Originate and Create Demand for Climate Asset-Backed RWAs by originating and promoting asset-backed tokens tied to climate-related assets, such as renewable energy projects, carbon credits, or sustainable infrastructure. These investments align with environmental goals.

6. Private Credit:
This involves creating tokenized assets linked to private credit instruments, like loans and debt securities. It provides opportunities for investors to participate in private credit markets traditionally accessible only to institutional players.

7. Public Credit / Equities:
This focuses on creating tokenized assets backed by public credit instruments (bonds) or equities, allowing retail investors to invest in traditional capital markets through blockchain technology.

8. Emerging Market:
This area aims to originate and offer tokenized assets linked to assets in emerging markets. It provides investors with exposure to the growth potential of these markets while leveraging blockchain for transparency.

9. Trade Finance:
This involves creating tokenized assets based on trade finance instruments like invoices or receivables. These RWAs offer investors exposure to the trade finance sector and provide liquidity to businesses awaiting payments.

Tokenized Asset Industries

Real Estate:
Historically, the real estate sector has been characterized by high barriers to entry, complex transaction processes, and limited liquidity. However, the emergence of real estate asset tokenization introduces a paradigm shift with transformative potential. This innovative approach has the capacity to democratize real estate investments by enhancing accessibility, affordability, and liquidity. Through the tokenization of properties, investors gain the ability to acquire fractional ownership, thus providing a pathway for a broader range of individuals to participate in the property market. This inclusivity grants aspiring investors access to an arena that was once elusive. Nonetheless, this evolution introduces new considerations, particularly regarding legal matters encompassing governance and ownership, necessitating thorough legal frameworks.

Fine Art and Collectibles:
Tokenization’s influence extends beyond real estate, permeating the realm of fine art and collectibles. By subdividing ownership into shares, tokenization facilitates inclusivity in the art market, enabling a diverse range of investors to engage. This process propels a more equitable distribution of art ownership and offers tangible access to real yields. The newfound accessibility empowers a broader demographic to partake in niche investments, simultaneously reinvigorating the art market and creating opportunities for artists and collectors to monetize their assets more effectively.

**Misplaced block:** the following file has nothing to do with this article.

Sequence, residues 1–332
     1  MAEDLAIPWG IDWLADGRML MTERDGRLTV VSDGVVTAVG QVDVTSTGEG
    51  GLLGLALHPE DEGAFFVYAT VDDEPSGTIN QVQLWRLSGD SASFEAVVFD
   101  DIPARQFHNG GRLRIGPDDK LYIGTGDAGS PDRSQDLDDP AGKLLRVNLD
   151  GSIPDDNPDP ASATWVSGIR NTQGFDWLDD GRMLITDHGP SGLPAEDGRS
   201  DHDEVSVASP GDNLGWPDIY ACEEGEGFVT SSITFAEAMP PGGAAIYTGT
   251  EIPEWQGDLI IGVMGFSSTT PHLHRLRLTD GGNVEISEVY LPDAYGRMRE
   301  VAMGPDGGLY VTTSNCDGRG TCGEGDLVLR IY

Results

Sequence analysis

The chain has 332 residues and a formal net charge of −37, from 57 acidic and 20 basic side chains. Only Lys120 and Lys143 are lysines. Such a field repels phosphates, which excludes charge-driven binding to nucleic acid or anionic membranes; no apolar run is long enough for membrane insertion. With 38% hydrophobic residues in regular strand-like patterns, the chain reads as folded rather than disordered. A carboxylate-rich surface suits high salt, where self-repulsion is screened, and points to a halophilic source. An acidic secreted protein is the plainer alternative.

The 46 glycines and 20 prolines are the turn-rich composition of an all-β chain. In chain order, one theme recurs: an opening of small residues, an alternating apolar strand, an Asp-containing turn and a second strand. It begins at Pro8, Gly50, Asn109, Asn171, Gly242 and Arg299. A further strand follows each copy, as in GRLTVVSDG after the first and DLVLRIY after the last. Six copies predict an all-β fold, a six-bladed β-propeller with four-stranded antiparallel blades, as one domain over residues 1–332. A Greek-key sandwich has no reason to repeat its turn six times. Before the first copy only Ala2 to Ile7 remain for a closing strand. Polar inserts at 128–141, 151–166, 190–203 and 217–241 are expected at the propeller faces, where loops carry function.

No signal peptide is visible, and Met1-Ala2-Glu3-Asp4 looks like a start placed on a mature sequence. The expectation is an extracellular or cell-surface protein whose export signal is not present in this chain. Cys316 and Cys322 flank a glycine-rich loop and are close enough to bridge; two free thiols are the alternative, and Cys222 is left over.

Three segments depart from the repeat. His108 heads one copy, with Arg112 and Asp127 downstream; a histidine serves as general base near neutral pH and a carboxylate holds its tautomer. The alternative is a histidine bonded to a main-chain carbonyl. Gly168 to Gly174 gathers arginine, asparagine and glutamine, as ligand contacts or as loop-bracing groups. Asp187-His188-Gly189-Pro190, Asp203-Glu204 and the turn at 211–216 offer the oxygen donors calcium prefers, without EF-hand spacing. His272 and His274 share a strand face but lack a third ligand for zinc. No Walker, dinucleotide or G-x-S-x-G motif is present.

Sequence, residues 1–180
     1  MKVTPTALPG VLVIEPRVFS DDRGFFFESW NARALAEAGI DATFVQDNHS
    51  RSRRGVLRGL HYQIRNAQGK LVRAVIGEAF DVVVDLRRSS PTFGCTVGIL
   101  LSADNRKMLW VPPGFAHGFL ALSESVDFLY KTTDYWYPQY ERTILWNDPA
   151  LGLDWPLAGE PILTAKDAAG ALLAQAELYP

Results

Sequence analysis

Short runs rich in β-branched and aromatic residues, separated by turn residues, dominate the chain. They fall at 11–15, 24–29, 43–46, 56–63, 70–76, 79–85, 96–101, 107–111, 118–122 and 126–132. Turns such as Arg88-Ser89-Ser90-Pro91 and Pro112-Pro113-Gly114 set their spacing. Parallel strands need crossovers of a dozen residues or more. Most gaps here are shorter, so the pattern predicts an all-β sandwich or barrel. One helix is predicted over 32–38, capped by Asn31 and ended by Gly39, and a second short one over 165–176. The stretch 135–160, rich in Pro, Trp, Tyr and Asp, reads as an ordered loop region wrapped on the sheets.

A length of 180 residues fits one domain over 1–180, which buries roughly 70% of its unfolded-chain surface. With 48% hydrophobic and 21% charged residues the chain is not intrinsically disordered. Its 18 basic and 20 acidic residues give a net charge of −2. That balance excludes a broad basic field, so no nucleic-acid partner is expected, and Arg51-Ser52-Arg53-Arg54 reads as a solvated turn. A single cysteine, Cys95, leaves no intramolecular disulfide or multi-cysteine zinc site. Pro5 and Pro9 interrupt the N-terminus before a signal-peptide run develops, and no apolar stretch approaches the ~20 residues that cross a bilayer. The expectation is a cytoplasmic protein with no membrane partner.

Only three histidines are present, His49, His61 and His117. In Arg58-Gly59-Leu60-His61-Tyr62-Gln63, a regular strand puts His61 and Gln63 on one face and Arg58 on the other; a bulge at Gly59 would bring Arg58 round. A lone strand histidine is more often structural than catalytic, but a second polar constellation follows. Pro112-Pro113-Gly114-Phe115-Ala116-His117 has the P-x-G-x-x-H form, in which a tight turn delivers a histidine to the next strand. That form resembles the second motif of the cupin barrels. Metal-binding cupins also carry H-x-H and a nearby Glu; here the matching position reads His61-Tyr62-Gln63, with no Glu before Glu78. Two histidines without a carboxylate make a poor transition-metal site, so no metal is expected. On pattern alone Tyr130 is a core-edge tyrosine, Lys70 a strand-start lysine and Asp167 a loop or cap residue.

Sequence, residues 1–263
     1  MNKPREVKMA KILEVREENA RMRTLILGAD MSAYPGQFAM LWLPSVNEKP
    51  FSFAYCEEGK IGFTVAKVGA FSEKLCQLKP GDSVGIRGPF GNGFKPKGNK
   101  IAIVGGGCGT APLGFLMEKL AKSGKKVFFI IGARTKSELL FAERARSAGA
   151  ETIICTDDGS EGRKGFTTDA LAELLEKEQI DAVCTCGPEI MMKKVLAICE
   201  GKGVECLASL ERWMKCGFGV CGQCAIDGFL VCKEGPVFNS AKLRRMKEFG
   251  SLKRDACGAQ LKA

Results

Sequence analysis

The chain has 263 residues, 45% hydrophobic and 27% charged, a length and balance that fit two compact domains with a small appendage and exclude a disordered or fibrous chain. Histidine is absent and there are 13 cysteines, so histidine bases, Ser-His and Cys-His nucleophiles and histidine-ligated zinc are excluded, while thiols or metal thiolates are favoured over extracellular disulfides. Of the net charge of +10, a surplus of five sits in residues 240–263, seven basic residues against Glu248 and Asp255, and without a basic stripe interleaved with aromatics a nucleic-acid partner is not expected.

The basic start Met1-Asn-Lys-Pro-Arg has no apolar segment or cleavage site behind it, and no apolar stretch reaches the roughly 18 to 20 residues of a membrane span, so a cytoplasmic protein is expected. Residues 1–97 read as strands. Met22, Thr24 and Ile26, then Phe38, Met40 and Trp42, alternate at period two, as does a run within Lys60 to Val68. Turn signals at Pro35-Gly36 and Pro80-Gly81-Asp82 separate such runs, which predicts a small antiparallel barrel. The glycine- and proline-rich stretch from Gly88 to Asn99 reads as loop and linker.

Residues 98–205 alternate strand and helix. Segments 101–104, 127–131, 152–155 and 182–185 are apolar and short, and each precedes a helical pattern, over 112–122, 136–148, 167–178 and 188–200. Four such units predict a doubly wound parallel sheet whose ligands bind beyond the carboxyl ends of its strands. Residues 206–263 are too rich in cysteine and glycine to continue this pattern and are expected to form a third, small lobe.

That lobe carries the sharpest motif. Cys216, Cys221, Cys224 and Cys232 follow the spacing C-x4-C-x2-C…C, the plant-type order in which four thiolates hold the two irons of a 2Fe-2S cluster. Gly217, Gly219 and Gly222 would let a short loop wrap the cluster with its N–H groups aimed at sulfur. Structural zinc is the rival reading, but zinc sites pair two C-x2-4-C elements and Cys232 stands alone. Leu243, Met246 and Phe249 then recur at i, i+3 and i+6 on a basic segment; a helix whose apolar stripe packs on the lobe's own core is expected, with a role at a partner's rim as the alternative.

Intellectual Property and Patents:
Tokenization’s potential reverberates into the realm of intellectual property (IP) and patents, triggering a significant transformation in management and monetization strategies. Tokenized IP introduces novel revenue streams for inventors and IP owners, catalyzing the democratization of IP investments. This shift widens participation, granting a more diverse audience the ability to engage. Furthermore, this evolution opens doors to collateralizing and lending IP assets, potentially reshaping IP market dynamics. The outlook is optimistic for a more streamlined, transparent IP market that fosters innovation, accelerates the monetization of ideas, and enables inventors to raise funds for their projects with greater ease.

Commodities, Stocks, and Debt:
Conventional asset markets are not impervious to the transformative power of tokenization. This process stands to reshape the landscape by enhancing transparency, liquidity, and efficiency within global capital markets. Tokenized settlements, bolstered by their transparency and cost-effectiveness, hold the promise of augmenting the fluidity of these markets. The synergy between tokenized assets and smart contracts further catalyzes the potential for novel, trustless transactions. However, tokenizing certain assets, like precious metals, introduces unique challenges. Verification mechanisms grounded in the physical world must be robust to ensure the legitimacy of these tokens. This distinct contrast highlights the distinction between easily digitized markets, such as bonds or equities, and those that require more intricate real-world validation.

What Benefits Does Tokenization Offer?

Enhanced Liquidity:
The process of asset tokenization holds the potential to unlock historically illiquid assets, including real estate and art. For instance, acquiring a fractional stake of a rental property becomes notably feasible for smaller investors, expanding market accessibility. With reduced transaction and settlement costs, capital can flow more freely, enhancing the liquidity of real-world assets.

Accessibility and Inclusivity: